This Entertainment Stock Exhibits a Hobbit-like Performance

In the film The Lord of the Rings: Fellowship of the Ring, Bilbo Baggins observes that Hobbits love all things that grow. Much like the admirable hobbits, Time Warner's (NYSE: TWX  ) management believes that growing the company's stock price is important, and puts its money where its mouth is. Sometimes picking a stock is as simple as looking for strong cash flow and management that knows what to do with it. With the stock up around 50% in the last year, can the company keep this run going?

Concerning entertainment
In sticking with the hobbits theme, in order to understand Time Warner, investors need to understand the entertainment industry. You could call the entertainment industry The Shire of the investing business. Entertainment companies are constantly trying to create properties and grow them.

In this business, there are old-school elves like Walt Disney (NYSE: DIS  ) that have been around for ages. The company grows not only by expanding its own content, but by acquiring top content as well. Speaking of acquisitions, Comcast (NASDAQ: CMCSA  ) became a major player in the entertainment business when it decided to buy out the remainder of NBCUniversal from General Electric.

One difference between Disney, Comcast, and Time Warner is that the latter gets a much larger portion of its revenue from movie studio Warner Bros. than the other two receive from their studios. In the most recent quarter for each company, Time Warner generated about 40% of its revenue from Warner Bros., whereas Disney's studio entertainment division produced just 13% of revenue. Comcast is more heavily weighted toward its cable operations, and generated less than 10% of revenue from filmed entertainment.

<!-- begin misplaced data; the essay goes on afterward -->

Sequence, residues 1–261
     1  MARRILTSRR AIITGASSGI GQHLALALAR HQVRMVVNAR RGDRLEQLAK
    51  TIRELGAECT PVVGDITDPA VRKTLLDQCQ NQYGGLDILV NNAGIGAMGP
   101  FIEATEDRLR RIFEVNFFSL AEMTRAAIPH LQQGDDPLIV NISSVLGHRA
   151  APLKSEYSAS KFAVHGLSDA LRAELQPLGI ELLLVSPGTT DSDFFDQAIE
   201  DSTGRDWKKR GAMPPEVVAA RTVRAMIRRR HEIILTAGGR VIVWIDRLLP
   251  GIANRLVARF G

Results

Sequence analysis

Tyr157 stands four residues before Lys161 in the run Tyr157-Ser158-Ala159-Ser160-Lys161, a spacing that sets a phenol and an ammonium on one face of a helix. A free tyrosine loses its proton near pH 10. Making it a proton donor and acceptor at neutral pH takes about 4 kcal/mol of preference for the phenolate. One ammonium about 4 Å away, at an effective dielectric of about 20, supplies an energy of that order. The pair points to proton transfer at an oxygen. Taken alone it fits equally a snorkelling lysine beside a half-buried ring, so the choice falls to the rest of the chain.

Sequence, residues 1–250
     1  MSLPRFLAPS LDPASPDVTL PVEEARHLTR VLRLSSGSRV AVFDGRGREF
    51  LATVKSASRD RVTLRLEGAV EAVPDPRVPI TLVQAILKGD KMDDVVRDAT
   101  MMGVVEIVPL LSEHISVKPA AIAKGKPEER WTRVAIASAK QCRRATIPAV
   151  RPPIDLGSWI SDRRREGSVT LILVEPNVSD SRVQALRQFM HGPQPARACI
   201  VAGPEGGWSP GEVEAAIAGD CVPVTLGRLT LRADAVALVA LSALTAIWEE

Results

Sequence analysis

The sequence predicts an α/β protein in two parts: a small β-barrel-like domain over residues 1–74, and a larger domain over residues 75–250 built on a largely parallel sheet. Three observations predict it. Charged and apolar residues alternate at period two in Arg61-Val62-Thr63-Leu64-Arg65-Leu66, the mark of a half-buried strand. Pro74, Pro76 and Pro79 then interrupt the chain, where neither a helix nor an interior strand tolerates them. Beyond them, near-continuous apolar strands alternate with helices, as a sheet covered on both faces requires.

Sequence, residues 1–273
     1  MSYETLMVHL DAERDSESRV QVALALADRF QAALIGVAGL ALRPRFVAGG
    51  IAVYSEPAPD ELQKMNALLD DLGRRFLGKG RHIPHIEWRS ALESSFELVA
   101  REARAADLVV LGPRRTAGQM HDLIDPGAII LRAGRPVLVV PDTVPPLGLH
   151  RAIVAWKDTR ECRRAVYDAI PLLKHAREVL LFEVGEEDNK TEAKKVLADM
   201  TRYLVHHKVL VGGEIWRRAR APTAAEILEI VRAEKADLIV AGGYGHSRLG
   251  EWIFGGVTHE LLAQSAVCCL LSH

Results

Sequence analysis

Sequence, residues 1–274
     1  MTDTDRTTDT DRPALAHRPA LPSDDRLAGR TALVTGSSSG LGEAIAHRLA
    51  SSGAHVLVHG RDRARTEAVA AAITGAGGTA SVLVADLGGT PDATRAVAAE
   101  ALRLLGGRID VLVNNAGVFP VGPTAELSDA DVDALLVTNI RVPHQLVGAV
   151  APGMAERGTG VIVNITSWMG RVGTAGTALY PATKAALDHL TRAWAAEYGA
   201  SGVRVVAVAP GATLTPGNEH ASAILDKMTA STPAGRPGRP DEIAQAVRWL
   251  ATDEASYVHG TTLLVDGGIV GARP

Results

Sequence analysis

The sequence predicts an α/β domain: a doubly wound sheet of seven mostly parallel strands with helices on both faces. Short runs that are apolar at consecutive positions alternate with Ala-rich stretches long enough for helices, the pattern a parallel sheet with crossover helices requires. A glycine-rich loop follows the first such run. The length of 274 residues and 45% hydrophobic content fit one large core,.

Given the heavy weighting toward film production at Time Warner, it's critically important that the company strike while the iron is hot. Management has consistently rewarded shareholders through increased dividends and share repurchases, which shows that it can tend its part of the Middle Earth garden to make it grow.

One cash flow to rule them all
For investors who want strong cash flow growth from their companies, they need look no further than Time Warner. The company's nine-month core operating cash flow (net income + depreciation) increased by more than 36% on an annualized basis. Compared to Disney's increase of 8.2% or Comcast's decline of 7%, Time Warner's cash flow growth smashes the competition like an angry cave troll.

As you might imagine, with strong cash flow growth comes the opportunity to reward shareholders. In the last year, Time Warner also bested its rivals by retiring 3.6% of its diluted shares. Back in February the dividend was increased by 11%. What's more, the company has retired at least $1.9 billion in shares in each of the last three years, and this dividend increase was the seventh in the past nine years.

The coming Desolation
If there is a weak spot in Time Warner's armor, it's that the company's film division witnessed a 7% annual decline in the last quarter. With tough comparisons to last year's The Dark Knight Rises, the company's current-quarter films couldn't keep up.

However, the recently released Gravity looks like a hit for the company, and the big release for the year is The Hobbit: The Desolation of Smaug. Time Warner is betting big on this second part of The Hobbit, as the first part, The Hobbit: An Unexpected Journey, released to less than rave reviews.

The second part of the series is expected to have more action scenes, the return of fan-favorite Legolas reprised by Orlando Bloom, and the additions of new names to the series like Benedict Cumberbatch (Star Trek Into Darkness and the TV series Sherlock) and Evangeline Lilly (Lost). These personalities should help breathe new life into the series.

If Time Warner can strike a mighty blow with this next Hobbit film and continue rewarding shareholders with increased dividends and share repurchases, this could be a stock to hold for the next age. If management has anything to say about it, shareholders' returns will be anything but small.

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